President Jimmy Carter asked Allen Breed to lead the National Institute of Corrections (NIC). Allen emphasized the use of research to improve corrections and sought to upgrade professional organizations in the field. At NIC, he placed early and focused attention on the vast disproportionate number of people of color in jails and prisons. Allen fought to keep young people out of adult facilities and he challenged corrections officials to be leaders, not just “practiced survivors”.  While at NIC, Allen Breed was instrumental in the passage of the federal Civil Rights of Institutionalized Persons Act.

After leaving NIC, Allen took over the leadership of the National Council on Crime and Delinquency Board of Directors for a decade, and was central to saving that organization.  He also began working on behalf of federal courts as a special master in cases involving prison and jail crowding, the provision of inmate medical care, and juvenile corrections systems in many states.  He was highly effective in mediating conflicts between civil rights lawyers and corrections officials. For elected officials, the media and leaders in philanthropy, Allen Breed was the most authoritative and object source on best practices.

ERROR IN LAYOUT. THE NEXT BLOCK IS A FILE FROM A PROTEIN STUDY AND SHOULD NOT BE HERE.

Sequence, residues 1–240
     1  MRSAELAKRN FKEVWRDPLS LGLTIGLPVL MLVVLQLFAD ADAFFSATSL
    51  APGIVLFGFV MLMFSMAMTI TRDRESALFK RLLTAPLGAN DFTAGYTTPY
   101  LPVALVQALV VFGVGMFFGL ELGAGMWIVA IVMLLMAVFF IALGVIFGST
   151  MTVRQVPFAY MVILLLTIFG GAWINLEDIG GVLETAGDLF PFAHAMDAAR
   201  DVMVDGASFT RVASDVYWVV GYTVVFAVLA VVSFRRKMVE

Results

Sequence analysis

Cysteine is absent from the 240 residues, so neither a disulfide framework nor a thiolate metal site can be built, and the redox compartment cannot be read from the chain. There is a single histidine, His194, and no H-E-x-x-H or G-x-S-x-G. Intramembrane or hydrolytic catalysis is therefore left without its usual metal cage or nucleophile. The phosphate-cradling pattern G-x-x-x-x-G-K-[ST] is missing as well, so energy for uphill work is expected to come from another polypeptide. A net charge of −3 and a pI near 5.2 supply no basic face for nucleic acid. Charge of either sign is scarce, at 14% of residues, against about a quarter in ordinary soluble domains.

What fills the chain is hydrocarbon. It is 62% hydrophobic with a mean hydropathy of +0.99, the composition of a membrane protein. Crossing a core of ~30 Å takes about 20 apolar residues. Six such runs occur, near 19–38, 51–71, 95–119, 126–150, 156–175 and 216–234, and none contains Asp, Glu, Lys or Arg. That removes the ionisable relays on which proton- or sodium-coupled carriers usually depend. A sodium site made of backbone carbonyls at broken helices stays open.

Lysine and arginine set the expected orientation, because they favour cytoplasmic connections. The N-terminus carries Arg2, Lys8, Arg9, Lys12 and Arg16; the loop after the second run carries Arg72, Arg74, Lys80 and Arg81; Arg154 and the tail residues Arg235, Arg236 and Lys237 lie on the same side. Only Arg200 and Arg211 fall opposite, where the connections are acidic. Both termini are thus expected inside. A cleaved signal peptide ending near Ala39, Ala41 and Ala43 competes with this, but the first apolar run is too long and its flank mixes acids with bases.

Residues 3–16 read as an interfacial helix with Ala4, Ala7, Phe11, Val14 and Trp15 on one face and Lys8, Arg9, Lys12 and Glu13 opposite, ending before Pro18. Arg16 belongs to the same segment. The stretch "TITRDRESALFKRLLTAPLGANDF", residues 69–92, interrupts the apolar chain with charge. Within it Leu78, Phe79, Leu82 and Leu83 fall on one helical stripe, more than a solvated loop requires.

Submitted by Barry Krisberg & Frank Zimring, University of California, Berkeley

(Posted 7/27/11)


JOSINE JUNGER-TAS